Missing home on Anzac Day in northern France lockdown

9:46 am on 26 April 2020

By Monique Steele*

Opinion - With a plate of burnt Anzac biscuits handed to neighbours wearing rubber gloves comes our nation's story.

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Journalist Monique Steele and her partner, Karim Lafdal, in Saint-Cirq-Lapopie in France. Photo: Supplied / Karim Lafdal

Though many Anzac Day events have been cancelled due to the Covid-19 pandemic, for Kiwis abroad the yearning for home is felt strongly today.

In a small village in northern France, two stranded Kiwis from Christchurch share their stories of war with their neighbours (while respecting social distances).

Welcome to day 40 of the 56-day Covid-19 lockdown here in France.

The memory of war is alive here in Aix-Noulette, a small village in the Pas-de-Calais department in northern France which was destroyed during the war.

Close to the Belgian border, the north is home to many World War I cemeteries, memorials and battlefields. It was a site of much French, Allied and German bloodshed during 1914-1918.

More than 12,000 New Zealand servicemen are buried or commemorated in around 430 cemeteries in Belgium, France and the United Kingdom.

Daily walks with our Irish Wolfhound, Paddy, provide a welcome break from the seemingly interminable confinement.

Along our route through the forest, spring has arrived with green shoots and blossoms lining our path.

Fields with freshly sprouted wheat are home to the immaculately maintained British Cemetery de Bois-d'Aix, commemorating more than 100 British WWI casualties. Paddy sits quietly at the gate.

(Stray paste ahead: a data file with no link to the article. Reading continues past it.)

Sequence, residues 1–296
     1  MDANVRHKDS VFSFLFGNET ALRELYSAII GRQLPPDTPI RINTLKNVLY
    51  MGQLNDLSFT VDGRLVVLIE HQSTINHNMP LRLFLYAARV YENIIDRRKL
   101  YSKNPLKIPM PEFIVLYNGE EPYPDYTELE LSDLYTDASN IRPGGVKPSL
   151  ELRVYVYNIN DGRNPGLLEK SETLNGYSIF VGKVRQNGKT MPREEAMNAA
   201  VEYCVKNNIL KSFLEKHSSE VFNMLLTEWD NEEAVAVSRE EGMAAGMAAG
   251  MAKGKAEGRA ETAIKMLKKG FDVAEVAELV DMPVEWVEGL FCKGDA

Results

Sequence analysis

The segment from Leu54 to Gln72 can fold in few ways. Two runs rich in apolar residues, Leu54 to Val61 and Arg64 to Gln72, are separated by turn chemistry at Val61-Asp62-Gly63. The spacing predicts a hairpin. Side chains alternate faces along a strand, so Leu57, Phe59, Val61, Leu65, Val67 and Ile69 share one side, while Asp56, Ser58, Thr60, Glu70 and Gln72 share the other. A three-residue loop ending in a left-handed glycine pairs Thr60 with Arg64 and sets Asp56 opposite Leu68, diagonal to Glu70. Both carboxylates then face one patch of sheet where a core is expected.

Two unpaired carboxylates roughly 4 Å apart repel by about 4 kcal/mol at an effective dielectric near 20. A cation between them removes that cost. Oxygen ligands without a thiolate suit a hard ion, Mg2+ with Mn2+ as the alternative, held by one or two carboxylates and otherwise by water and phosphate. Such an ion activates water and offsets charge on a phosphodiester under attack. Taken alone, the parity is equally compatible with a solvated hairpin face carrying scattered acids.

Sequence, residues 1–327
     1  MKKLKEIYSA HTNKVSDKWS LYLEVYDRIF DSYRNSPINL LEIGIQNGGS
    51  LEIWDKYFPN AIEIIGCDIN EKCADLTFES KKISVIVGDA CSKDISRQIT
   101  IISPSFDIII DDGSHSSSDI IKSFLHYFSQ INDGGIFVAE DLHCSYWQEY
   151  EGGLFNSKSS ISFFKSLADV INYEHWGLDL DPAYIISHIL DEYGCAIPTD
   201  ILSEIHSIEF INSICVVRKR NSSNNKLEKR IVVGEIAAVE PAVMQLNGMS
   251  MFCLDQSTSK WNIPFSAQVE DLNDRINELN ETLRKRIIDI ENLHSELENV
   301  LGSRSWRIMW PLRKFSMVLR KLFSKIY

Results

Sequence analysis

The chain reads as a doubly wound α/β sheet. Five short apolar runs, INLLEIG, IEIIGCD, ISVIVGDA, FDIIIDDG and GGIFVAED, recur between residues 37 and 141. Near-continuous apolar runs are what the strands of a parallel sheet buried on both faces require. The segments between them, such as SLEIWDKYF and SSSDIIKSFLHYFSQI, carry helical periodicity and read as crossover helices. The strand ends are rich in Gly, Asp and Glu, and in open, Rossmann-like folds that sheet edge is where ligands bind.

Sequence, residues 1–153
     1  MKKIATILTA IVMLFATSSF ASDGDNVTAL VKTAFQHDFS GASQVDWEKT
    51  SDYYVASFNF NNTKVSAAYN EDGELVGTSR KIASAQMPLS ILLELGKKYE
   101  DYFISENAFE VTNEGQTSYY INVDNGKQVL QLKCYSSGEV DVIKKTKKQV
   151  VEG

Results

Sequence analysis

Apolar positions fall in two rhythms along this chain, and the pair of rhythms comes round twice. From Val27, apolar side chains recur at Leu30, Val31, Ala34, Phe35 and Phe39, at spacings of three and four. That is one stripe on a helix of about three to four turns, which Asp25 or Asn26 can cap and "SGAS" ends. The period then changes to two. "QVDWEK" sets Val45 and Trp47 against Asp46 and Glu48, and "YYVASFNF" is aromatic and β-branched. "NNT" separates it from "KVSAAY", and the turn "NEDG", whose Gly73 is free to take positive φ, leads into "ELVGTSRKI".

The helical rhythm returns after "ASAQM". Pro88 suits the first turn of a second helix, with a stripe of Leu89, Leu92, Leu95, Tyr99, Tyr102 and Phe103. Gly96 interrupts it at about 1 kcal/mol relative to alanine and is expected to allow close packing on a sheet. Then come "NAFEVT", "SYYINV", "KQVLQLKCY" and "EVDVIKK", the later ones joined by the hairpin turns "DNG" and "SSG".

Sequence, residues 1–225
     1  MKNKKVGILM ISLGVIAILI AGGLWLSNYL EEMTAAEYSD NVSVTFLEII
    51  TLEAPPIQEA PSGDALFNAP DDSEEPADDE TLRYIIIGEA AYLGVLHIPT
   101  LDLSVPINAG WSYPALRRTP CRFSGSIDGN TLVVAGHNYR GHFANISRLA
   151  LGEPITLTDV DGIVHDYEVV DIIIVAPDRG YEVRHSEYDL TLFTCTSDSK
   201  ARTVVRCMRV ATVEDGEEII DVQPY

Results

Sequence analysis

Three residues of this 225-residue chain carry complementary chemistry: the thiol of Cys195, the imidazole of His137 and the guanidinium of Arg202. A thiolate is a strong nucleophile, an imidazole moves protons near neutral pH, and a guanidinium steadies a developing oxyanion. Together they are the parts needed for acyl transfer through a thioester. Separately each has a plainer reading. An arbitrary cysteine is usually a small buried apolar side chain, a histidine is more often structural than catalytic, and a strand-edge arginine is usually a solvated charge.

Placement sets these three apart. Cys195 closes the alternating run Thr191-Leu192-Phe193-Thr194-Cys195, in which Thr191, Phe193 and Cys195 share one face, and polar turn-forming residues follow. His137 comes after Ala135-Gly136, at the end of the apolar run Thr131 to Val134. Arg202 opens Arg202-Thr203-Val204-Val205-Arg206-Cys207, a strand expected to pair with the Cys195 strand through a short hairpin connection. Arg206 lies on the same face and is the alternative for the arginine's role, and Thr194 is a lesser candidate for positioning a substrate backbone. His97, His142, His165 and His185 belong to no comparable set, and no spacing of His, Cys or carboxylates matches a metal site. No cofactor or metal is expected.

The fields give way to a ridge which dominates the otherwise flat plains. Here we see the dome of the Basilica of Notre Dame de Lorette. It sits in the largest French military cemetery, where more than 40,000 French soldiers and ashes of concentration camp victims rest eternally.

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Ablain-Saint-Nazaire French Military Cemetery in northern France. Photo: Supplied / Monique Steele

A New Zealand flag flies high at the entrance to Lorette, along with other countries involved in the conflict.

France also played a part in the Gallipoli campaign, suffering almost as many casualties as those of the Anzacs.

My Kiwi/French partner and I have been travelling around France and Western Europe by van since July last year after we quit our jobs and left our friends and family for the road.

We have been fortunate in these uncertain times to be put up by my generous uncle-in-law.

In our lockdown house, New Zealand souvenirs are found everywhere. A poster of Arrowtown; another of Lake Pukaki. A wooden mere with a paua shell eye hangs in the hall.

He wears All Blacks or Crusaders rugby shirts most days.

But, "hunkering down" (Jacinda Ardern's words) on Anzac Day in this country of 67 million which has lost nearly 22,000 people to Covid-19, I've never felt so far from home.

"Deconfinement" in France begins on 11 May.

Let us remember the sacrifice of our Anzacs and keep in our thoughts the victims of this new world challenge.

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La Targette French National War Cemetery in Neuville-Saint-Vaast. Photo: Supplied / Monique Steele

* Monique Steele is a freelance journalist from New Zealand living in France, where the memory of the Great War is never far from daily life and which is on day 40 of a 56-day confinement to fight Covid-19.

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